By Muhammad Husni Mohd Amin
Muhammad Husni Mohd Amin is a Senior Research Officer at the Institute of Islamic Understanding Malaysia (IKIM)’s Centre for Science and Environment Studies.
KUALA LUMPUR (Bernama) --When the 16th century English courtier Sir John Harrington wrote his political allegory and critique entitled A New Discourse of a Stale Subject in 1596, he described in it a forerunner to the flush toilet installed in his home at Kelston.
Yet, had it not been for the invention of the tank fill valve, the flushing system could not have worked. Fixed inside the water tank ubiquitous with the modern lavatory, this device uses a float attached to the end of a lever to regulate the filling of the cistern.
In a 1,100 year-old manuscript of Kitab al-Hiyal (The Book of Ingenious Devices) being kept at Topkapi Palace Museum in Turkey, 9th century Muslim scientists and engineers known as Banu Musa first described and illustrated the mechanism’s design and operation.
Although a simple device, it provides a way to store water essential for residential homes as well as construction, manufacturing, and agricultural industries. Without it, the urban expansion of human civilisation would not have happened as we know it today.
Banu Musa were three brothers—Abu Ja‘far Muhammad, Abu al-Qasim Ahmad, and al-Hasan—whose collective expertise ranges from astronomy and mathematics to engineering and geometry. They were contemporaries of al-Khawarizmi (d. 850 CE) who invented algorithm and al-Kindi (d. 873 CE) who studied and introduced Greek philosophy to the Muslim world.
By Zulaikha Zainal Rashid
(This commentary expresses the personal views of the writer and does not necessarily reflect BERNAMA’s stand on the matter.)
KUALA LUMPUR (BERNAMA) -- Puji Lestari does not look like a typical speed-climbing athlete. The 28-year-old Indonesian stands at 5’3”, cuts a slight figure and wears the hijab.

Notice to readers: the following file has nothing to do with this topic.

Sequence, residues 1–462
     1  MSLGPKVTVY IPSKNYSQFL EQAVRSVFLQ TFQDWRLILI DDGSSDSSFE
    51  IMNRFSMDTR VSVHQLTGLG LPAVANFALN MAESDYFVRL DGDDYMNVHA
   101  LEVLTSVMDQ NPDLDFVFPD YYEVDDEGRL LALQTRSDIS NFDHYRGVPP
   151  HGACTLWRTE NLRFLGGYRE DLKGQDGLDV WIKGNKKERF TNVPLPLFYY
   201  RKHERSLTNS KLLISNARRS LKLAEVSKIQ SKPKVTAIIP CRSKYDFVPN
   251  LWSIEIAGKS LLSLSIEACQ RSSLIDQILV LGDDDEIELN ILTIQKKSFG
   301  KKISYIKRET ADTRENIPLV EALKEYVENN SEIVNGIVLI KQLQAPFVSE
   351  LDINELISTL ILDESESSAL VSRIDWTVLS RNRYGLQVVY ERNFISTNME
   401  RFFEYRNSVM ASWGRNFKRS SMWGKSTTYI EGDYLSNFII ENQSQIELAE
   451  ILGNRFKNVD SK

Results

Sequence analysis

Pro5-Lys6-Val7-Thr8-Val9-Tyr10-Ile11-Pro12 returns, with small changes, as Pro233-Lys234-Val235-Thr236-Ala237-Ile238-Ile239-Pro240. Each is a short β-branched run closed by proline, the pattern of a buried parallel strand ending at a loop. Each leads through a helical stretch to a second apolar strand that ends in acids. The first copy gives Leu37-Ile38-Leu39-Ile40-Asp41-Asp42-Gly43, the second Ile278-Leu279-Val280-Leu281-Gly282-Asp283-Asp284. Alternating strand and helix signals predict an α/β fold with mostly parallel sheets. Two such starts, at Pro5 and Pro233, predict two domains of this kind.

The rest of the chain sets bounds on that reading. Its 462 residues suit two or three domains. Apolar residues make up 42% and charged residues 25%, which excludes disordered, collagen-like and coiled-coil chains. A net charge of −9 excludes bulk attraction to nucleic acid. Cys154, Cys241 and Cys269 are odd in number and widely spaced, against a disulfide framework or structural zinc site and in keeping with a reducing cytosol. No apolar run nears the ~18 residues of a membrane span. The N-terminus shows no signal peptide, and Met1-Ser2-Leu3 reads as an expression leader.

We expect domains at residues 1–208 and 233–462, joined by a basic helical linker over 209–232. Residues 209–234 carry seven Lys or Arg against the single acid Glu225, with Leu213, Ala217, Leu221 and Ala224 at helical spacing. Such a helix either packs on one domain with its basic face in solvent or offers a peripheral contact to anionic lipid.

So when she stood in front of her more athletic-looking opponent during a speed-climbing event at the recent Asian Games, many thought the odds were against her.
How surprised they were, then, to see her climb the wall with breathtaking speed and agility, reaching the top seconds before her competitor.
A videoclip of the event went viral among Malaysians on social media, drawing amazement from viewers.
But awe was unfortunately not the main reaction on social media.
By Erda Khursyiah Basir
KUALA LUMPUR, Sept 7 (Bernama) -- The nation’s monarchy, and the Yang di-Pertuan Agong, in particular, is a symbol of Malaysia’s sovereignty. His proclamation and role has been defined under the constitution.
As such, the change of government following Pakatan Harapan’s win in the 14th General Elections in May would not affect his role, function and position as the head of state, says Constitutional law expert and International Islamic University Malaysia (IIUM) law lecturer Assoc Prof Dr Shamrahayu Ab Aziz.
The change in government saw Sultan Muhammad V going down in the nation’s history as the first Yang di-Pertuan Agong to reign in an era with two different governments.
When he was appointed as the 15th Yang di-Pertuan Agong on Dec 13, 2016, the ruling government was led by Barisan Nasional.
On May 10, Pakatan Harapan took over the country’s leadership after a historical win in the 14th General Election.
When the Agong officiated the first meeting of the first session of the 14h Parliament last July 17, His Majesty welcomed the new government’s approach to transparency, especially in revealing the state of the country’s finances and the reviewing of projects and expenses.